Tuesday, October 19, 2010

Summer reading

I'm not sure why certain books are considered summer reading versus non-summer reading but let's just call these what I managed to get through over the summer.

1. Arlington Road by Rachel Cusk
2. Mitford series by Jan Karon
3. Under the Tuscan Sun by Frances Mayes
4. Penelopiad by Margaret Atwood
5. China Road by Rob Gifford

Rachel Cusk's Arlington Road about one day in the lives of four women was riveting even though nothing really “happens”. This is truly the most remarkable example of what my writing professor always advised: “Show not tell” and through the events of the day, and how the women react to them, Rachel Cusk was able to show us their personalities and biases. I had this recommended via Half Changed World who unfortunately isn't blogging as much anymore.

The first four books in the Mitford series were enjoyable. (I bought the pack.) I kept having this strange nagging thought though: What if “terrorists” did not come from the mountains of Hindu Kush but from from places like Mitford, and instead of saying “God is Great” they would say “Peace be with you”.

Frances Mayes' Under a Tuscan Sun was disappointing though it's hard to say what I was expecting. Her tale of renovating a house in Tuscany and all the obstacles that came up were delightful yet it is difficult to say how really difficult it is – is language really that tough a barrier? From what I can tell it can't be all that difficult otherwise the renovation would have been even harder. In all the book left me feeling rather flat. Perhaps I'm just not as enchanted with Tuscany as I thought I would be.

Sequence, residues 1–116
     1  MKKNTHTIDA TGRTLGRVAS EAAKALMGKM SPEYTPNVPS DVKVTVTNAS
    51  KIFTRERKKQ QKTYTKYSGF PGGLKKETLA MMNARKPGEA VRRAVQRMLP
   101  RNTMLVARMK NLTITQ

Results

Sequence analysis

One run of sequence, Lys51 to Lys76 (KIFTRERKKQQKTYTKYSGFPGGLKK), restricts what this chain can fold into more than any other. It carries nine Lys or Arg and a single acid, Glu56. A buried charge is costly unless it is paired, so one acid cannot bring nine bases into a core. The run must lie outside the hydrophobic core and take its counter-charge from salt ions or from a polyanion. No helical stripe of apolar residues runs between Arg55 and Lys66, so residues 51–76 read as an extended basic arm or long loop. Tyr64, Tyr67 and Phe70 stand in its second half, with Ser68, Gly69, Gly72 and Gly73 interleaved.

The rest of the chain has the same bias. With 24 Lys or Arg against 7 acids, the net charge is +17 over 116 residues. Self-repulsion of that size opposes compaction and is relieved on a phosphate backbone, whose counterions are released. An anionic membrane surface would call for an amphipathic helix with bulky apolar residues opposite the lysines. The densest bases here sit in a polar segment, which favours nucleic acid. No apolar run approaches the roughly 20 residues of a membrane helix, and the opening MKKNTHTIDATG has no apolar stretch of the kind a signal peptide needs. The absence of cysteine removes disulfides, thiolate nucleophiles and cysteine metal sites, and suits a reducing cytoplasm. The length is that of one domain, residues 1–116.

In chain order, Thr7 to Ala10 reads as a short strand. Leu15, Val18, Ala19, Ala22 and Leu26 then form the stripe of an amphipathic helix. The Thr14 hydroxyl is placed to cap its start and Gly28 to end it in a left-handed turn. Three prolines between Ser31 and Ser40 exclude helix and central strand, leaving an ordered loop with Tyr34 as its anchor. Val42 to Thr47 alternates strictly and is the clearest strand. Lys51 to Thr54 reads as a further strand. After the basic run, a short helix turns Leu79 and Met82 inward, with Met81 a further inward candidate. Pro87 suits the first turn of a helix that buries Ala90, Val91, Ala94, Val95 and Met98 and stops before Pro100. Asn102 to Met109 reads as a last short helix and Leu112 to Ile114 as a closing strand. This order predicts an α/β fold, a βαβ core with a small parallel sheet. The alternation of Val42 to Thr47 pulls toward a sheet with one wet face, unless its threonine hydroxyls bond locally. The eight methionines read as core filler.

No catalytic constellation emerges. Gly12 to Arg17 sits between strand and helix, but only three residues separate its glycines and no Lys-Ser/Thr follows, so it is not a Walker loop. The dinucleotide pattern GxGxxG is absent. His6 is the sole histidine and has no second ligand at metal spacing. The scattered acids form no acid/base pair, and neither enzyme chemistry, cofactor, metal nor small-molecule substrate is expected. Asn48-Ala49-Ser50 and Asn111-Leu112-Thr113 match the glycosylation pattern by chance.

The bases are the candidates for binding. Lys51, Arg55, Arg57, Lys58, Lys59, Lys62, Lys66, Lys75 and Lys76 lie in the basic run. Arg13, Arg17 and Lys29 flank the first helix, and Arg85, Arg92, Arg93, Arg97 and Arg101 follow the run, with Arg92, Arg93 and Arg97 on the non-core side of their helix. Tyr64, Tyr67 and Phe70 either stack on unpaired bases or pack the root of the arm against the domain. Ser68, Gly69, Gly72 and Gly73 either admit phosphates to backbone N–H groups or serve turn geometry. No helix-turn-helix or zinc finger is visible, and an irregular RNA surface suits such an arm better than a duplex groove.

Penelopiad was funny in parts (she calls Odysseus a liar) and enjoyable (and it was short!)

China Road is the only book I've read so far on China's transformation and it was extremely interesting. I had heard some of Gifford's podcasts/broadcasts on NPR and knew that he was a fluent Mandarin speaker. (I had caught the segment where he stands in for a preacher in a small town and delivered the Sunday sermon in Mandarin.) His travels across China and his recounting of his experiences were very well written. The only issue that I had was his very Western perspective on the plight of Uyghurs. While its true that the Uyghurs are being assimilated at an increasing rate – in order to move socially within the Han Chinese society, as well as due to Han immigration into traditionally Uyghur towns, their plight really isn't that much different from what happened to the Welsh or the Scots as Gifford points out. Yet why does he feel that the Uyghurs are being oppressed by the Chinese but the Welsh or Scots are not oppressed by the British or the Anglo-Saxons (or whatever?) What does he think of immigrants who begin to 'lose' their culture as they assimilate into the population of their host country? In many ways, I thought that his take on the Uyghurs was not so much an appreciation of these issues but more of a way to criticize the Chinese government.

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